Ottawa Public Health originally intended to hold its media conference on Tuesday, October 18th, at which time all information about the findings would have been disclosed. By this point, all affected patients would have been informed directly about what had occurred, physicians would have been prepared to respond to demands for information and testing, and the call response unit would have been up and running.

On the morning of Saturday, October 15th, Dr. Levy’s office was informed that a national news organization had become aware of the investigation and was preparing to break the story on the basis of inaccurate information.

This placed the public health authority in a difficult situation: the risk that a news report containing misinformation was real—certainly not unprecedented—and had the potential of creating vastly more harm than good.

OPH was faced with three options:

1.  Do nothing and respond to the report and the fallout that would ensue after the fact.
2.  Provide full disclosure of the situation, including identifying the name and address of the clinic and physician and the types of procedures which had placed patients at risk.
3.  Provide partial disclosure that would strike a balance between patient needs, the public interest and the capacity of the system to absorb increased demand for information, testing or treatment.

Communicating risk

The risks that kill people and the risks that upset people are completely different.Sandman, 2007

The health department scrambled to organize a media conference for later that afternoon. At this time, Dr. Levy announced what had occurred, confirmed that there were no known cases of anyone becoming ill and reported the very low numerical probability of infection. He acknowledged that some people might feel anxious or nervous about the announcement, and offered an explanation about what actions his office had put into place and would be following in the coming days, including a promise for new information early in the week.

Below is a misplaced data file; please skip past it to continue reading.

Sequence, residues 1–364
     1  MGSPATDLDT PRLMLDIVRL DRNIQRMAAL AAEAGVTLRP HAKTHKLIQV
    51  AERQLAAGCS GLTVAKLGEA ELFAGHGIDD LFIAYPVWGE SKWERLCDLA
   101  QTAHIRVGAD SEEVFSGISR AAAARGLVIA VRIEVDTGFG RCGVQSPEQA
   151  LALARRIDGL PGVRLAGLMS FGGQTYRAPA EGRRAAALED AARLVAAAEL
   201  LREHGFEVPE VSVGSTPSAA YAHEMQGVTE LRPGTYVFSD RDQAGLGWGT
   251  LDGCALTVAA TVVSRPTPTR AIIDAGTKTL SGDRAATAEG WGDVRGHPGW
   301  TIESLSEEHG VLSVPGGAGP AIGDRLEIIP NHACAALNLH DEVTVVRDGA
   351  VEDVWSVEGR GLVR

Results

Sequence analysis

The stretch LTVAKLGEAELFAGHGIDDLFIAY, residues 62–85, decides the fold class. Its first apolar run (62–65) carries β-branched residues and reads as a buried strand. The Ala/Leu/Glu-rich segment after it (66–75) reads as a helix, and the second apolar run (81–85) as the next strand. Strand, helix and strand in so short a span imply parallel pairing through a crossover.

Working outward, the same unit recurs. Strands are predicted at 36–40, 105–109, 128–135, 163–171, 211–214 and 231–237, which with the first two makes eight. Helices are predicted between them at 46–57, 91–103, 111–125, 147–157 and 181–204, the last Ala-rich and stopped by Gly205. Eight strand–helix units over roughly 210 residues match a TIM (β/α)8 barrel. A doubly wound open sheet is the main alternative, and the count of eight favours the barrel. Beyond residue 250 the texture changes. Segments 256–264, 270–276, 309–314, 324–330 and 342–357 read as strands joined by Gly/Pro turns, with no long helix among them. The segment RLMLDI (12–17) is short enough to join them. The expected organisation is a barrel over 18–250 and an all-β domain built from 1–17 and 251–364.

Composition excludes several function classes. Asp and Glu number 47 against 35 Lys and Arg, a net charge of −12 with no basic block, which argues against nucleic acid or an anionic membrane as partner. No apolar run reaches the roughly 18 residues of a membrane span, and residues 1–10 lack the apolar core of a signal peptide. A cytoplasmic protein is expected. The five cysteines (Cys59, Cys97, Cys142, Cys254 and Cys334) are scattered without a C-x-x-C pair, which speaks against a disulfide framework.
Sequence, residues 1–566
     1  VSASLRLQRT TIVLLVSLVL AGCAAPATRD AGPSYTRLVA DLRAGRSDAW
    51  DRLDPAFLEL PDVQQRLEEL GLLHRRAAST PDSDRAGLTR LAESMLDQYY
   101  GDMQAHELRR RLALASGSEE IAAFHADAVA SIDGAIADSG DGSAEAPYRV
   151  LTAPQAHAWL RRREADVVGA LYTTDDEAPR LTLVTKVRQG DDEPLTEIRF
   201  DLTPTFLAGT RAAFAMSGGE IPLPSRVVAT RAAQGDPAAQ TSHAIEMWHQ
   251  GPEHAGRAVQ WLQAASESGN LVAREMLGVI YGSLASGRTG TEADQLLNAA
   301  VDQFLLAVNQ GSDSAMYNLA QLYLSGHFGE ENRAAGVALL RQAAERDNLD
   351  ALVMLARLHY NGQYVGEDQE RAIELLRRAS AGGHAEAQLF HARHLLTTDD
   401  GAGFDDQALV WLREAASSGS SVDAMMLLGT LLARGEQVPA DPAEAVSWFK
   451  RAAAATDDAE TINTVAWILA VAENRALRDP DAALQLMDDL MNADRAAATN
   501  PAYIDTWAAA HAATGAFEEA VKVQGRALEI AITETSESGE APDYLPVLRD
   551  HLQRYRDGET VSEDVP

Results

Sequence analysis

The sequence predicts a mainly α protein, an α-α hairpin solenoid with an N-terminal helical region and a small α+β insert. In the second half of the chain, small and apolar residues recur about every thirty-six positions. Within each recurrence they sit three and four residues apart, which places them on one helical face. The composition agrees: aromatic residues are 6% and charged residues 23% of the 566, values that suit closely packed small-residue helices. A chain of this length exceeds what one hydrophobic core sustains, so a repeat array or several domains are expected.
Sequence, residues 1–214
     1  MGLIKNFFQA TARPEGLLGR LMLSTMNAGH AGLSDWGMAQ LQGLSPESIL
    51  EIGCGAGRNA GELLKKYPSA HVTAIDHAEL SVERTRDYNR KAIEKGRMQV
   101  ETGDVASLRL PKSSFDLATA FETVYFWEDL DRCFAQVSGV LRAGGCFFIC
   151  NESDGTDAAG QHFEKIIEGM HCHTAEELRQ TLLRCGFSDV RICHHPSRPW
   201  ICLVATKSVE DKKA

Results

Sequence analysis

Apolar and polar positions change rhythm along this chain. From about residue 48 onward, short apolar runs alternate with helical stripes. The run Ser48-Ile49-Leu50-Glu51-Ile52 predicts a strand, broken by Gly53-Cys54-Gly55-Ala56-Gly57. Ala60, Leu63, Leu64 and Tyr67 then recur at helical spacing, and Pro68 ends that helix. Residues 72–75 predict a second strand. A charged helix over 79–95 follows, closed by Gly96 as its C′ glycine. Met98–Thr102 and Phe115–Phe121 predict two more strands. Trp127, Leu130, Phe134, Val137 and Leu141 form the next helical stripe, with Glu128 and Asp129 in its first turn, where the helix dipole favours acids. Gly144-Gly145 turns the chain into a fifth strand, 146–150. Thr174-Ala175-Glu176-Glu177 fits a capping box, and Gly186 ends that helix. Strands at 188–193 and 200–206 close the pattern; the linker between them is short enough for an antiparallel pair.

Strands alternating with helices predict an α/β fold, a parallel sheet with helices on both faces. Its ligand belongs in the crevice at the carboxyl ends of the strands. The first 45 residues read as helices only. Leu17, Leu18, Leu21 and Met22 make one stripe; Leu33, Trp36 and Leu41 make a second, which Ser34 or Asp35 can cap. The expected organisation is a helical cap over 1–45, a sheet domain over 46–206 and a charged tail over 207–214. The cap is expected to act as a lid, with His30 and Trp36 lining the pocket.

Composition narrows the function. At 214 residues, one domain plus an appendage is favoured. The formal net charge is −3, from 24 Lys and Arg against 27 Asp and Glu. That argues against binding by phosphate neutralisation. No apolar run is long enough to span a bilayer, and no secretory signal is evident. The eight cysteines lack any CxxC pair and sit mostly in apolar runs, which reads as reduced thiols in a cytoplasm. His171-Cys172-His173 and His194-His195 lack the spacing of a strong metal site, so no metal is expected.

To this extent, he acted in a manner consistent with the basic tenets of risk communication. He did not over-reassure, acknowledged that people would feel anxious about the announcement and described the discovery and response processes.

However, when pressed by journalists for a fuller disclosure of information, Dr. Levy refused to identify the name or location of the medical facility, the physician who operated it, or details about the patient population affected (i.e., children, adults, seniors, etc.).

This was a risky move for two major reasons.

First, it guaranteed that the health department would clash with the media over competing values: whereas the health department values only pertinent information in the interest of protecting public health, journalists value full disclosure, immediacy and thrive on controversy and outrage. Second, the decision to provide only very general information risked intensifying ambiguity and uncertainty, where the objective of risk communication is to lessen it. People aspire for control over their lives, even if they cannot change what might happen.